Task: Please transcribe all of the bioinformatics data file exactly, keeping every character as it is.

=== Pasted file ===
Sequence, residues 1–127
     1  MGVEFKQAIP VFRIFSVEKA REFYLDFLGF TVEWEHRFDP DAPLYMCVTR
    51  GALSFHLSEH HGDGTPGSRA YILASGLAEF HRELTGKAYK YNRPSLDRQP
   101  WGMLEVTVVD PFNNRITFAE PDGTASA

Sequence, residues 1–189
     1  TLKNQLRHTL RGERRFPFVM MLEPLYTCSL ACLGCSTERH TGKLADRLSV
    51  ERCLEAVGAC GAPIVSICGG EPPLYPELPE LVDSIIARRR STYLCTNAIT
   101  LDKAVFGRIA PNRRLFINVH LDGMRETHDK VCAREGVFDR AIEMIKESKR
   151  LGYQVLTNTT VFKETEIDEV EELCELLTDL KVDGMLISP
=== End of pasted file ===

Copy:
Sequence, residues 1–127
     1  MGVEFKQAIP VFRIFSVEKA REFYLDFLGF TVEWEHRFDP DAPLYMCVTR
    51  GALSFHLSEH HGDGTPGSRA YILASGLAEF HRELTGKAYK YNRPSLDRQP
   101  WGMLEVTVVD PFNNRITFAE PDGTASA

Sequence, residues 1–189
     1  TLKNQLRHTL RGERRFPFVM MLEPLYTCSL ACLGCSTERH TGKLADRLSV
    51  ERCLEAVGAC GAPIVSICGG EPPLYPELPE LVDSIIARRR STYLCTNAIT
   101  LDKAVFGRIA PNRRLFINVH LDGMRETHDK VCAREGVFDR AIEMIKESKR
   151  LGYQVLTNTT VFKETEIDEV EELCELLTDL KVDGMLISP